Promoting the role of Physics in research, education, industry and the community

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Upholding the rights, values and integrity of the physics community in the areas of research, education, industry and the community in Australia. Please direct all enquires to the AIP’s Special Project Officer for Policy by email

AIP Advocacy Actions

  • 29 Nov 2022 4:12 PM | Anonymous

    The National Executive of the Australian Institute of Physics wishes to  encourage AIP members and the public to take note

    of proposed changes to the NSW School Curriculum for the Sciences, and to provide feedback to the NSW Education Standards Authority through their own survey by 5 December.

    A full brief on this action from the AIP's Advocacy team is included here


  • 1 Sep 2022 12:00 PM | Anonymous

    We have recently submitted an open letter to the Australian Research Council (ARC) following reports from several of our members that their funding applications were returned to their institutions with requests to modify their National Interest Test (NIT) statements.

    The applications affected were for those for the Discovery Early Career Researcher Award (DECRA) and Future Fellowship. As a result, the announcement of outcomes for these awards have been delayed.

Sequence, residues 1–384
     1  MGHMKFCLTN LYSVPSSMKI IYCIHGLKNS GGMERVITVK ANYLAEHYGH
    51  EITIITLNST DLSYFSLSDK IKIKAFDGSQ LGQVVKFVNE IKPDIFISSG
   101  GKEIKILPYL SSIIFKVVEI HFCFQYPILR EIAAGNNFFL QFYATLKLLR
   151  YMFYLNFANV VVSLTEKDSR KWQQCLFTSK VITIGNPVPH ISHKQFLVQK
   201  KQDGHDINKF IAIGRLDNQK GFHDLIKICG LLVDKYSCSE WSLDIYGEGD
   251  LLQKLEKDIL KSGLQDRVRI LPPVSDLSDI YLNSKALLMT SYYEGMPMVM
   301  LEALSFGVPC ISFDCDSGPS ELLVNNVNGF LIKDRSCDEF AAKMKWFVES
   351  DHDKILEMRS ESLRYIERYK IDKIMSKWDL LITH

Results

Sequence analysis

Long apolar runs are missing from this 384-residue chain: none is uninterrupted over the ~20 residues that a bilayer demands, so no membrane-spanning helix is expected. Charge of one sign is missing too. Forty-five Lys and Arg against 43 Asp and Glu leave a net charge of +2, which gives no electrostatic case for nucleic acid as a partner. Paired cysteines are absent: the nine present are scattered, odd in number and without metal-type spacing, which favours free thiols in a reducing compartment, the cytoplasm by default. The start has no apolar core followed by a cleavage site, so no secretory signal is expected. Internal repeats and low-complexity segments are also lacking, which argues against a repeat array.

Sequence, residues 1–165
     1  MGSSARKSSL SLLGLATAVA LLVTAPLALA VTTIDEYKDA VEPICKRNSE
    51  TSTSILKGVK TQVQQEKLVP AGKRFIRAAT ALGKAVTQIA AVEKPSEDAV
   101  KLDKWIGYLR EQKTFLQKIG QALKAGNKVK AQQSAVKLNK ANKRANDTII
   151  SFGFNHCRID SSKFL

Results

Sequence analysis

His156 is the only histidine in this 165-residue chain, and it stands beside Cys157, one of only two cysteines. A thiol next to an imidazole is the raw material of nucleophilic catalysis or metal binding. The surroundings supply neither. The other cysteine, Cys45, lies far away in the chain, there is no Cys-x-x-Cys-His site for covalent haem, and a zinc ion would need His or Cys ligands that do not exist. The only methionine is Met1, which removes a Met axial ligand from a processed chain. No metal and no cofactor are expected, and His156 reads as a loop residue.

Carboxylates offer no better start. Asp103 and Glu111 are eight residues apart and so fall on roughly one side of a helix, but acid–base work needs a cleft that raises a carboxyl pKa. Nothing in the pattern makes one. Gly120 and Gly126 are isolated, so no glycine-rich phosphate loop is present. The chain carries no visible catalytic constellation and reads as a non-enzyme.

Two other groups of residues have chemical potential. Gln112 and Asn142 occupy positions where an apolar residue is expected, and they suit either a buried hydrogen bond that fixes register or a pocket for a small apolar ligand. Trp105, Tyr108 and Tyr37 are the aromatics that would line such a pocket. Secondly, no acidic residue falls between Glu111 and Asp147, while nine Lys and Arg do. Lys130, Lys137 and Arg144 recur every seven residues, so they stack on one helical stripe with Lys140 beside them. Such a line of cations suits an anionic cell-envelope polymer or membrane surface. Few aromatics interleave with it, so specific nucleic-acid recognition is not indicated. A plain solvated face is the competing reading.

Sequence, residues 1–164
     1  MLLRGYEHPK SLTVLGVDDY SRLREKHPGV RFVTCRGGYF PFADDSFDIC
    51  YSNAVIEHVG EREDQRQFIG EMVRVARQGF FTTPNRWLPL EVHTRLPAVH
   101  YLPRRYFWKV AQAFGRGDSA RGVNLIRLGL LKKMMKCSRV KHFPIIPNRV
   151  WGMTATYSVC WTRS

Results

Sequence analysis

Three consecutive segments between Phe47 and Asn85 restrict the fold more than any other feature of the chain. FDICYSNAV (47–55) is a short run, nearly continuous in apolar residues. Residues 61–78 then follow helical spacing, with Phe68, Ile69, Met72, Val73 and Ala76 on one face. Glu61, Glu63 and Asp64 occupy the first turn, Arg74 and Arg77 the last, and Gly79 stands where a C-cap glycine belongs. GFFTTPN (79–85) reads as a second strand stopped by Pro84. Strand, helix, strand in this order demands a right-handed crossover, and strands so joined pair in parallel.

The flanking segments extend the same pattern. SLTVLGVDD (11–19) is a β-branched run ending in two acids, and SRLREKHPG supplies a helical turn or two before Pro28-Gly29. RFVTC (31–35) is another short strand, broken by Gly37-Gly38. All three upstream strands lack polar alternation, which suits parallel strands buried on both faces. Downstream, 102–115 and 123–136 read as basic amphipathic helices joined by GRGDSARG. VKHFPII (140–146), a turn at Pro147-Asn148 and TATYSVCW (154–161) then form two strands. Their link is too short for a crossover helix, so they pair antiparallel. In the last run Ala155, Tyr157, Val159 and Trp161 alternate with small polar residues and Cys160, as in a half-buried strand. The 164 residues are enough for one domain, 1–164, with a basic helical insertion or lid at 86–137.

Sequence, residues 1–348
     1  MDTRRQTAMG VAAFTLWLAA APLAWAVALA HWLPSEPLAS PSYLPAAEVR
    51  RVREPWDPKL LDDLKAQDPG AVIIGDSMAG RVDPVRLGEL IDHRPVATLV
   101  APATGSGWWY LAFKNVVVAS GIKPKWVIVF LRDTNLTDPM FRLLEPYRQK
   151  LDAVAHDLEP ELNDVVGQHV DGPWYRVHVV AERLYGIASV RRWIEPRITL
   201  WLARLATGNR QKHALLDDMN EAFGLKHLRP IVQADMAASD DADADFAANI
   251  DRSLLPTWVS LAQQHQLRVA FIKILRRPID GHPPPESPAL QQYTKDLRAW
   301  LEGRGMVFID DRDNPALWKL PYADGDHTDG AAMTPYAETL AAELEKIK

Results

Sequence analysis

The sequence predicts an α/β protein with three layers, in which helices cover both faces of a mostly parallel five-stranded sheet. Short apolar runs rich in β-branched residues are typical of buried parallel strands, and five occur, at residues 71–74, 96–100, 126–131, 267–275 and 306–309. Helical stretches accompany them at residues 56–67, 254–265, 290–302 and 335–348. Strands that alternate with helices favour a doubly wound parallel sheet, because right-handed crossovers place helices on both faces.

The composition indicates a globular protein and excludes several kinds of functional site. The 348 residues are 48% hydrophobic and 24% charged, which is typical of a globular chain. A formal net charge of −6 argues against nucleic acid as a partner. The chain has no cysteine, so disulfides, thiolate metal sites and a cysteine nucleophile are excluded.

Unexpected delays negatively impact the early- and mid-career researchers for whom these awards are targeted – especially the former, who rely on clear timelines for career planning.

    The NIT statements, which are a short summary of the research project proposed, is excluded from the peer-review process. There is currently no avenue for the applicant and their host institution to respond to the NIT assessment in their rejoinder.

    In the letter we published on 17 August, we express our willingness to support the ARC through consultation and feedback on the peer-review process since we believe a clear and transparent process is essential.

    Read our open letter here.

    AIP President Professor Sven Rogge was also recently interviewed by Campus Morning Mail regarding pre-prints, the role of the ARC, NIT statements, research translation and more.   

    Listen to his interview (Expert Opinion: Episode 11) here.

    Read The Guardian's coverage of the issue, which also quotes Prof Rogge, here.

  • 1 Apr 2022 12:00 PM | Anonymous

    AIP President speaks at Senate inquiry

    • Watch a recording of Prof Rogge’s presentation (14:35:40 onwards) here.

    Prof Sven Rogge spoke on behalf of the AIP to advocate for independence of the Australian Research Council (ARC) at the 9 March proceedings of the Senate Education and Employment Legislation Committee.

    The Senate inquiry heard evidence from representatives of Australia’s academic and research sector as the Committee considered a bill to amend the Australian Research Council Act 2001 to prevent ministerial interference with grants approved for funding by the ARC.

    The bill was proposed in response to widespread outcry from the research community after  acting education minister Stuart Robert vetoed six ARC grants in the humanities on Christmas Eve last year.

    The STEM panel at the inquiry pushed the importance of the Haldane principle, under which funding bodies operate independently under rules defined by the government. The principle is implemented in the UK, Europe, and the US.